The entire interview – in plain text, podcast and, of course, TEI format – can be found on the TEI website here.
Thanks to the EMiC project, I am very fortunate to be at the TEI @ Oxford Summer School for the next three days, under the tutelage of TEI gurus including Lou Burnard, James Cummings, Sebastian Rahtz, and C. M. Sperberg-McQueen. While I’m here, I’ll be providing an overview of the course via the blog. The slides for the workshop are available on the TEI @ Oxford Summer School Website.
In the morning, we were welcomed to the workshop by Lou Burnard, who is clearly incredibly passionate about the Text Encoding Initiative, and is a joy to listen to. He started us off with a brief introduction to TEI and its development from 1987 through to the present (his presentation material is available here). In particular, he discussed the relevance to the TEI to digital humanities, and its facilitation of the interchange, integration, and preservation of resources (between people and machines and between different media types in different technical contexts). He argues that the TEI makes good “business sense” for the following reasons:
As a learning exercise, we will be encoding for the Imaginary Punch Project, working through an issue of Punch magazine from 1914. We’ll be marking up both texts and images over the course of the 3-day workshop.
After Lou’s comprehensive summary of some of the most important aspects of TEI, we moved into the first of the day’s exercises: an introduction to oXygen. While I’m already quite familiar with the software, it is always nice to have a refresher, and to observe different encoding workflows. For example, when I encode a line of poetry, I almost always just highlight the line, press cmd-e, and then type a lower case “L”. It’s a quick and dirty way to breeze through the tedious task of marking-up lines. In our exercise, we were asked to use the “split element” feature (Document –> XML Refactoring/Split Element). While I still find my way more efficient for me, the latter also works quite nicely, especially if you’re using the shortcut key (visible when you select XML Refactoring in the menu bar).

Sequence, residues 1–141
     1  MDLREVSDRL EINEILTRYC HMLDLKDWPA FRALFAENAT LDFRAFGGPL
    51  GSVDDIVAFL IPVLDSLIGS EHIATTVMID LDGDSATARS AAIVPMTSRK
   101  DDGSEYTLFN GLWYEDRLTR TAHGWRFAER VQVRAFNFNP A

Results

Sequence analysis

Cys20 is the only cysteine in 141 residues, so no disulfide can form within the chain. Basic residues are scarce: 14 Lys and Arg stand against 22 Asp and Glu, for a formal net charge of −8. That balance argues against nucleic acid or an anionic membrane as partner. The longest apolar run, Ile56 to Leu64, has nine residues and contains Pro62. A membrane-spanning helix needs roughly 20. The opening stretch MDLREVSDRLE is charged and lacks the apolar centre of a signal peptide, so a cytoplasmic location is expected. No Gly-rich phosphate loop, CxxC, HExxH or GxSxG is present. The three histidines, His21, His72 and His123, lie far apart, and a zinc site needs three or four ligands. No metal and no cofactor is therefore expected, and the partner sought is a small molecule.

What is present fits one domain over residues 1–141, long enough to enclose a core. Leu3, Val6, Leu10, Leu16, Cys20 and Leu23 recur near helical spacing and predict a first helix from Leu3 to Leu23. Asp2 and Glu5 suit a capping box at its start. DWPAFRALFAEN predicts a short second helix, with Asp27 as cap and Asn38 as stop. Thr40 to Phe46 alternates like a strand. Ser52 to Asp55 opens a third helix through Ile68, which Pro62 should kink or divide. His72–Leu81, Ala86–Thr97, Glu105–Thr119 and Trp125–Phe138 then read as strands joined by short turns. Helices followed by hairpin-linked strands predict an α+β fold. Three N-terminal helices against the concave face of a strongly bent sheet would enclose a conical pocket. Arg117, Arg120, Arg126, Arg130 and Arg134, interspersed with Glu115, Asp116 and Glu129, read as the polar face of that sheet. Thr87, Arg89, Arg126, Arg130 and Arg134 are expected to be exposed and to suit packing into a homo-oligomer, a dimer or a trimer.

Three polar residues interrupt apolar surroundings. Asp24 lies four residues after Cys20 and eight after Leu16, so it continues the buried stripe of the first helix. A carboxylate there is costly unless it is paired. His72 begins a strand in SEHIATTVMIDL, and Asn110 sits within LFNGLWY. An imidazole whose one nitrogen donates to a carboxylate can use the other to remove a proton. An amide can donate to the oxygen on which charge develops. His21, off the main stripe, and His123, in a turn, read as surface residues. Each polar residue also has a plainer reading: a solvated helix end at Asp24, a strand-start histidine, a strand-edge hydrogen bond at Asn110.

Customizing the TEI
In the second half of the morning session, Sebastian provided an explanation of the TEI guidelines and showed us how to create and customize schemas using the ROMA tool (see his presentation materials). Sebastian explained that TEI encoding schemes consist of a number of modules, and each module contains element specifications. See the WC3 school’s definition of an XML element.
How to Use the TEI Guidelines
You can view any of these element specifications in the TEI Guidelines under “Appendix C: Elements“. The guidelines are very helpful once you know your way around them. Let’s look at the the TEI element, <author>, as an example. If you look at the specification for <author>, you will see a table with a number of different headers, including:
the name of and description of the element
lists in which modules the element is located
notes the parent element(s) in which you will find <author>, such as in <analytic>:
<title>Historical Editions in the States</title>
lists the child element(s) for <author>, such as “persName”:
<author persName=”Elizabeth Smart”>Elizabeth Smart</author>
A list of classes to which the element belongs (see below for a description of classes).
Example and Notes
Shows some accepted uses of the element in TEI and any pertinent notes on the element. On the bottom right-hand side of the Example box, you can click “show all” to see every example of the use of <author> in the guidelines. This can be particularly useful if you’re trying to decide whether or not to use a particular element.
Elements are contained within modules. The standard modules include TEI, header, and core. You create a schema by selecting various modules that are suited to your purpose, using the ODD (One Document Does it all) source format. You can also customize modules by adding and removing elements. For EMiC, we will employ a customized—and standardized—schema, so you won’t have to worry too much about generating your own, but we will welcome suggestions during the process. If you’re interested in the inner workings of the TEI schema, I recommend playing around with the customization builder, ROMA. I won’t provide a tutorial here, but please email me if you have any questions.
Sebastian also covered the TEI Class System. For a good explanation what is meant by a “class”, see this helpful tutorial on programming classes (from Oracle), as well as Sebastian’s presentation notes. The TEI contains over 500 elements, which fall into two categories of classes: Attributes and Models. The most important class is att.global, which includes the following elements, among others:
All new elements are members of att.global by default. In the Model class, elements can appear in the same place, and are often semantically related (for example, model.pPart class comprises elements that appear within paragraphs, and the model.pLike class comprises elements that “behave like” paragraphs).